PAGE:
Playground surrealism (47)
What does BBC3’s animated
ad say about the new channel?
By Rick Poynor
Published in Eye no. 47 vol. 12 (text in full)
In the late 1990s, after the storm of digital typography and the collective obsession with the word-as-image had passed, designers used to wonder where the ‘next big thing’ in graphic design would come from. Most had ignored illustration for so long that it wasn’t obvious, until perhaps 1999, that the next big thing was the illustrated image. Four years later, if a fashionable look is what you are after, illustration is indisputably the medium of the moment. Graphic design, by comparison, looks distinctly stuck in the mud, except where it merges with illustration, which it so often does.
I say ‘fashionable’ advisedly because to some eyes, especially those closely acquainted with earlier forms and movements in illustration, being fashionably cool seems to be the primary goal of much of this work. Other than that, it often isn’t at all clear what it might be trying to convey. Take another look at the Jasper Goodall illustration showing a topless woman flashing a diamond ring in Eye (no. 42 vol. 11, p26). Is that a ‘discordant view of luxury’, as the caption claims, or an image that seems entirely seduced by its own louche glamour, like so many similar examples? It could simply be that a disengaged, retro-minded, postmodernist way of constructing images has come to the often conservative world of illustration rather late.
Goodall, a talented image-maker, is certainly one of the leading figures in this school. He contributed to the print campaign behind the launch of the BBC’s new digital channel for BBC3 (available only to viewers with digital ‘set-top boxes’, cable or satellite), but it’s the launch commercial that I want to focus on here. This 60-second spot, directed for the Fallon agency by Johnny Hardstaff, whose previous credits include Radiohead and PlayStation, shows postmodern illustration in full bloom.
The idea of the number ‘3’ – such as it is – connects every element on screen. Three tourists, shot as live action, set out on a meandering journey in a three-wheeled ‘tuk-tuk’ (a Thai taxi) that takes them through a dense, fantasy wonderland of images and drawings based on the numeral: a child’s tricycle, traffic lights, triplets playing a game, a triceratops, a trident, a tripod, a triplane, a pair of 3D spectacles, the Bermuda triangle, a woman with a third eye on her forehead and exotic flowing hair. The images coalesce in a ripple of movement intensified by occasional cuts and it takes several viewings even to notice some of the smaller details artfully secreted within this intricate tableau.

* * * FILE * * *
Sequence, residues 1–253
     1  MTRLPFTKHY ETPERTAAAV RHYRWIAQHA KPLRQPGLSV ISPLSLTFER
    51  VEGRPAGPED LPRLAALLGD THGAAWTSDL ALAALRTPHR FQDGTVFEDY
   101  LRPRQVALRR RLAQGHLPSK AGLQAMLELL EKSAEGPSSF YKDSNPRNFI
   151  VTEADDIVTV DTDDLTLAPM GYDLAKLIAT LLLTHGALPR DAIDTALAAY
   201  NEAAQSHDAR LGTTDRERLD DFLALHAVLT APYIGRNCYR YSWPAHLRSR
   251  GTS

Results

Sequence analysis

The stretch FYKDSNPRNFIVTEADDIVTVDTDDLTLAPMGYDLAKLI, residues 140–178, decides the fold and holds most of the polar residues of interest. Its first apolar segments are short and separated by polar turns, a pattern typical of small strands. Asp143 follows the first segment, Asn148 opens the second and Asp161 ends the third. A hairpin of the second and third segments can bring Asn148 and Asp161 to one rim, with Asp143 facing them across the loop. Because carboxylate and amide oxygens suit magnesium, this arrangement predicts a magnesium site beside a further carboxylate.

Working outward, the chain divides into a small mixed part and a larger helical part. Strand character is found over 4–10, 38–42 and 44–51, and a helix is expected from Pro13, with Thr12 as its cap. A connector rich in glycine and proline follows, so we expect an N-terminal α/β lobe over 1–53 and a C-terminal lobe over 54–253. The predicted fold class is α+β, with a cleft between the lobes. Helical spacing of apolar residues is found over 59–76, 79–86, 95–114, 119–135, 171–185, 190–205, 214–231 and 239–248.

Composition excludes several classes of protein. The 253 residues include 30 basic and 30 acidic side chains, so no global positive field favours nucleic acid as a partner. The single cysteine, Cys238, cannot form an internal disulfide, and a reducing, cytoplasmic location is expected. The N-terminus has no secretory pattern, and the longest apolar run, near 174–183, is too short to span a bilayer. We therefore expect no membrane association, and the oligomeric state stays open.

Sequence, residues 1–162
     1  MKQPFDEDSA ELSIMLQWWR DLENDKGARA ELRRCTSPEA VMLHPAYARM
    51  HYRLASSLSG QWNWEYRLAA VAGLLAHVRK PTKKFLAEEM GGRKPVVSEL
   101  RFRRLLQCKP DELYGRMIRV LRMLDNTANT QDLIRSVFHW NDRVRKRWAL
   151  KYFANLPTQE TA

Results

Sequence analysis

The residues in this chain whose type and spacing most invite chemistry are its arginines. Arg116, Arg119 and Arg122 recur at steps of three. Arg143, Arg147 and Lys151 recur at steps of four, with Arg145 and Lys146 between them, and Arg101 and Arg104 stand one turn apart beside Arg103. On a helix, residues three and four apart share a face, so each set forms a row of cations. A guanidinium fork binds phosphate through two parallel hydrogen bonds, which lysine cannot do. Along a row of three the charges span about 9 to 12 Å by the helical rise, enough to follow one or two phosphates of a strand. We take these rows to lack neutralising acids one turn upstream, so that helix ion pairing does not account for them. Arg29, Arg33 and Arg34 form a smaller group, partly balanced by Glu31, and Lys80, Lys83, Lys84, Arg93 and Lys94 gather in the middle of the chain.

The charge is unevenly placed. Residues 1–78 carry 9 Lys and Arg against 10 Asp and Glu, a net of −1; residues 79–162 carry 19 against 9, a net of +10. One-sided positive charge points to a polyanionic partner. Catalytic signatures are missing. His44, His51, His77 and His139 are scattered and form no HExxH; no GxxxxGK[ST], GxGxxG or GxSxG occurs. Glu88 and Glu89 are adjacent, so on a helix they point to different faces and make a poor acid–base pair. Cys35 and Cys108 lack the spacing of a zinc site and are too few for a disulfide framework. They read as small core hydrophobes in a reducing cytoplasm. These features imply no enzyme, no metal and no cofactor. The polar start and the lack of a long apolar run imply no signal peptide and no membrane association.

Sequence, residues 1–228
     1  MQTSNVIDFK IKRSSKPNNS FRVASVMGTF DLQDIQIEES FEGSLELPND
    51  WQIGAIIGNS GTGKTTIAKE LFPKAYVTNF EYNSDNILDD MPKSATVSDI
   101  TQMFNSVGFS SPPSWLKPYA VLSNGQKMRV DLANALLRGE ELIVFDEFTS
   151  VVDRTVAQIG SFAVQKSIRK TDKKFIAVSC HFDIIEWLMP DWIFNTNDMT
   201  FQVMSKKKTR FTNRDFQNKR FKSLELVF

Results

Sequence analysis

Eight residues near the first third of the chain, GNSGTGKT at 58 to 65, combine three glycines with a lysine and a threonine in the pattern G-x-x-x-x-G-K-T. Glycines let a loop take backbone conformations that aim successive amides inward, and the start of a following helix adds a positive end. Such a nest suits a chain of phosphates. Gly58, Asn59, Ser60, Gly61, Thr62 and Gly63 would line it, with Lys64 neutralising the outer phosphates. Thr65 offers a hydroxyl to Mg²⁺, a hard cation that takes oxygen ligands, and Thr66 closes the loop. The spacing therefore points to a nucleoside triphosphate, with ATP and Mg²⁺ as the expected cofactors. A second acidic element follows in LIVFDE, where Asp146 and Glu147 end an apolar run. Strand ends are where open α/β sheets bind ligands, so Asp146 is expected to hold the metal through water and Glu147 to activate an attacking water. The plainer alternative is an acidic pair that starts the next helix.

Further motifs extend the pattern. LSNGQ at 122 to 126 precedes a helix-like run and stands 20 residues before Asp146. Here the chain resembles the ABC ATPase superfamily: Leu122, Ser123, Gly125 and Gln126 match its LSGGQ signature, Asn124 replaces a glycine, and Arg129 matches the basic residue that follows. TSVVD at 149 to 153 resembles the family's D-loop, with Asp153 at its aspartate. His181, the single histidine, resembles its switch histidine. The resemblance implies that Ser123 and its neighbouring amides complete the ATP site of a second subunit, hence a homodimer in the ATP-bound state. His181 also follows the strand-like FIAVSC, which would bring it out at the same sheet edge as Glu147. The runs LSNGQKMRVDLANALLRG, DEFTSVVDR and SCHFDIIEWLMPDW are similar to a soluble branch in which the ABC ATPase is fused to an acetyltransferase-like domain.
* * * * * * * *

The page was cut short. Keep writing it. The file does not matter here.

With its whimsical, playground surrealism, striking dislocations of scale, touches of Victoriana and elegant graphic linework, it’s as though the montage-based illustrative style often used in 1960s psychedelic posters and the underground press has come to life. A partially clad woman with three ‘X’s across her breasts and another woman posing in a peekaboo nightie introduce a tiresomely laddish contemporary note. In a clever finale, motifs and other elements from the journey regroup around several TV screens in an ensemble that rotates into view on a turntable playing ‘Three Times a Lady’.
As a piece of image-making, considered separately from its purpose, the BBC3 commercial is an accomplished essay in the currently fashionable style. As an attempt at strategic channel branding, though, it seems much less sure of itself. Channel controller Stuart Murphy said that BBC3 would ‘experiment with the unexpected’, but the commercial’s unchallenging generic imagery has only the sketchiest relationship with the channel’s mix of news, current affairs, arts programmes, original drama and entertainment aimed at 25- to 34-year-olds, a section of the public already generously served by British television. The commercial’s happy-clappy mood and the inclusion of several children – unlikely to be much of an inducement for a generation postponing or avoiding parenthood – seem better suited to kids’ TV. According to the soundtrack song, a comfort blanket for the ear that becomes more irksome with every outing, ‘Three is a magic number. Yes it is, it’s a magic number.’
For a grown-up channel, this is embarrassingly Teletubby-ish, but it didn’t stop the BBC from commissioning a whole series of teaser ‘blipverts’ based on the bland and meaningless ‘magic number’ theme. Meanwhile, the channel idents created by Lambie-Nairn feature humorous, talking blob-people (a familiar trick from Aardman of Wallace and Gromit fame) that once again suggest a channel inexplicably inclined to underestimate its audience’s capacity to cope with anything too adult or taxing.